This week we begin the Book of Leviticus: “The Eternal called Moses and spoke to him from the Tent of Meeting, saying, ‘Speak to the children of Israel.’”
This book is for the children of Israel. In the old country, primary education started with Leviticus, a text full of ritual precepts. The early commentary on Leviticus is called Sifra, “The Book,” and young Torah students traditionally entered the scriptures at this point.
There isn’t much narrative in Leviticus: It’s mostly ceremonial, including a lot of unappetizing ceremonies with animal sacrifice, bodily fluids and moldy houses — don’t ask. Leviticus is also shockingly punitive, a lot of harsh penalties for trivial infractions. It may seem surprising that this was our ancestors’ initial taste of the Bible. What can we make of this choice?
The lack of narrative in Leviticus is implicit in the book’s purpose. Essentially, it’s a manual for priests: Here’s how you perform sacrifice X, here’s how you celebrate transition Y, here’s how you observe holiday Z. The priestly rituals were a closely guarded secret in other ancient religions; Judaism was the first religion to make the sacred protocols public. There’s something to be proud of: declassification. The world is welcome to know what we’re up to in our shrines. The second half of Leviticus opens the door of holiness to the common folk as well as the priests, thus democratizing the religion.
Ritual itself is suspect in some people’s eyes. Who needs ritual? A lot of atavistic claptrap. But it seems to me that everyone needs ritual — ritual is part of life. I drink my coffee out of the same mug every morning. If I can’t find my favorite mug when it’s time for breakfast, my whole day is off on the wrong foot. That’s not Leviticus, but it’s ritual.
Admittedly, the particular rituals of Leviticus are very alien to our sensibilities. They seem to come from another galaxy. For example, our biblical counterparts marked a special occasion by killing an animal, skinning it, dismembering it, ritually burning certain parts of the carcass and ritually ingesting other parts. How primitive. We mark a special occasion by getting groceries at the supermarket, peeling the cling wrap off the steak, discarding the excess fat and gristle, throwing the meat on the grill and serving it on the fine china with the good silver. Completely different.
Leviticus is not founded on analytical thinking. It’s founded on metaphorical thinking. The Tabernacle as a metaphor of Mount Sinai. The animal’s body as a metaphor of the universe. The priest’s body as a metaphor of the universe. Other early and tribal cultures have similar beliefs, and we can catch a glimpse of them even in our modern civilization.
To return to my dinner party example, we set the holiday spread very carefully, with the fork on the left of the plate and the spoon on the right, with the cornucopia in the center and the host at the head of the table. You may not think of this meticulous arrangement as a metaphor of anything, but ask an anthropologist. This Torah of the dining room has all the hallmarks of an occult priestly metaphysics.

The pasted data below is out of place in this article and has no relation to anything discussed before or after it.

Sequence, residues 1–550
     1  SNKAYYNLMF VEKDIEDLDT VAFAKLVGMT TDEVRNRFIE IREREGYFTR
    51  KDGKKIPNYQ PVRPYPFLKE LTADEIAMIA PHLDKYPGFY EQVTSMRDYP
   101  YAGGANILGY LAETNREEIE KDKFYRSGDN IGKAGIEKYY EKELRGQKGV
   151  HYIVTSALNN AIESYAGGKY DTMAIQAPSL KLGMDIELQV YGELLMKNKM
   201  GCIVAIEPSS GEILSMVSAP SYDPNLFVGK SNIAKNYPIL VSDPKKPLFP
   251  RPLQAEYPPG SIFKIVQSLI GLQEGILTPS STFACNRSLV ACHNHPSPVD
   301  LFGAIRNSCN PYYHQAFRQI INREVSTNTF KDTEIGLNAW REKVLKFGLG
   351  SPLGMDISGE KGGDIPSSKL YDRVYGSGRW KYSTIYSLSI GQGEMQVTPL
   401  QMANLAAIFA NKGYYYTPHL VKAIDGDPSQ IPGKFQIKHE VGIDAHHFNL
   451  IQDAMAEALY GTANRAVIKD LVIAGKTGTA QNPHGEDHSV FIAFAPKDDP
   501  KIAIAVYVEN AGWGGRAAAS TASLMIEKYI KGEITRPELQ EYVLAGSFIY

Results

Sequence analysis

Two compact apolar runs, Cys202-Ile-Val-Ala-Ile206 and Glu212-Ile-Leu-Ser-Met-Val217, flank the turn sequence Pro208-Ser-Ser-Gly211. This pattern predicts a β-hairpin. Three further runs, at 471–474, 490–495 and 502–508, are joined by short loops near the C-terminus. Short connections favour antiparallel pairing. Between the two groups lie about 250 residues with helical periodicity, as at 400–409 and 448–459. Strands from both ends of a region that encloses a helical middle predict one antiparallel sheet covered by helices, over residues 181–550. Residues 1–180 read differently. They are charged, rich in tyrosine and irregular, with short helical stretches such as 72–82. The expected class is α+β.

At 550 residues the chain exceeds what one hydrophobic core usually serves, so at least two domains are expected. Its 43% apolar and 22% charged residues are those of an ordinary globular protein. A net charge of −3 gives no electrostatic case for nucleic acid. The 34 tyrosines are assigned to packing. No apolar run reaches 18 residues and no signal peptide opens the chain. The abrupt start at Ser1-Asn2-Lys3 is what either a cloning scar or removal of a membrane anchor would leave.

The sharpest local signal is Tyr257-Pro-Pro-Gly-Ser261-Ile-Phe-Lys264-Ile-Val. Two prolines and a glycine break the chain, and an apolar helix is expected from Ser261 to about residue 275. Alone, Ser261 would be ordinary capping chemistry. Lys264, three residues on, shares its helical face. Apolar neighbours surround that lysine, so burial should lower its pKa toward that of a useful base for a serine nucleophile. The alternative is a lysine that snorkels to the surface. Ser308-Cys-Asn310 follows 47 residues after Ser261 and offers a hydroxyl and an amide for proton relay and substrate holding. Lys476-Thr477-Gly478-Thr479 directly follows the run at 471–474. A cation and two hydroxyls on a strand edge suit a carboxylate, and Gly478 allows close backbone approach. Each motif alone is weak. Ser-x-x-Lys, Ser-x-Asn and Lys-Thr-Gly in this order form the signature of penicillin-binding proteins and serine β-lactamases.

Leviticus has a ring structure, like folk songs such as “Old MacDonald.” The order of subjects is consecration, defilement, atonement, sex taboos, ethics, sex taboos, atonement, defilement, consecration — that is, the topics recur in reverse order. Ring structure is used because there isn’t much narrative. There’s no opportunity to organize the material around a biography, a journey or a quest. The middle of the ring is the beautiful Chapter 19, which commands us to be honest in our business dealings, to pay laborers promptly, to refrain from exploiting the disabled, and to embrace the stranger. The arrangement of the arbitrary taboos on either side of the justice material indicates the relative importance of the different passages. Ethics is central.
Chapter 25 is another impressive section. Tt specifies that the land needs to rest at regular intervals and slaves must be freed at regular intervals. This shows an early ecological awareness and a dawning theology of social revolution. The famous Liberty Bell text comes from Leviticus 25: “Proclaim liberty throughout the land unto all the inhabitants thereof.”
This week’s parshah, the introductory chapters of Leviticus, deals entirely with sacrifices. It’s interesting that there’s a sliding scale of sacrifices: You bring cattle if you can afford it, otherwise a bird; on an even tighter budget, you’re allowed to bring grain. That’s called a fair share system, when it applies to modern synagogue dues. But some synagogues don’t have that flexibility; they ask everyone to pay the same. Our forebears knew that was an unreasonable expectation.
Leviticus isn’t the lightest of documents and it contains some very painful verbiage. But becoming a Jewish adult means engaging the difficult parts of our heritage as well as the easy parts. This volume is a challenge, but it’s worth the struggle. Lest we forget, Leviticus features one verse that sums up religion at its best: “You shall not take vengeance nor bear any grudges … but you shall love your neighbor as yourself.”
Rabbi Joe Hample is the rabbi of Tree of Life Congregation in Morgantown, W.Va. This column is a service of the Greater Pittsburgh Rabbinic Association.